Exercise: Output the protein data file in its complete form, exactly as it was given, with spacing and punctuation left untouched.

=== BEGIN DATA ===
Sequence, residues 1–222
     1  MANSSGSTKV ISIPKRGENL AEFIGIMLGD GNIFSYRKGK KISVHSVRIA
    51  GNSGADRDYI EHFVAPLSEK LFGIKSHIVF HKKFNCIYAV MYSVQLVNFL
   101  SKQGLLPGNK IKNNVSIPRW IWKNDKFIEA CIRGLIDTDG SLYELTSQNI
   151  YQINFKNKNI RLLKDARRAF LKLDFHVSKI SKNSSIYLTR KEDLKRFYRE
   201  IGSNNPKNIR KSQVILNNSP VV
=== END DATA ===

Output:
Sequence, residues 1–222
     1  MANSSGSTKV ISIPKRGENL AEFIGIMLGD GNIFSYRKGK KISVHSVRIA
    51  GNSGADRDYI EHFVAPLSEK LFGIKSHIVF HKKFNCIYAV MYSVQLVNFL
   101  SKQGLLPGNK IKNNVSIPRW IWKNDKFIEA CIRGLIDTDG SLYELTSQNI
   151  YQINFKNKNI RLLKDARRAF LKLDFHVSKI SKNSSIYLTR KEDLKRFYRE
   201  IGSNNPKNIR KSQVILNNSP VV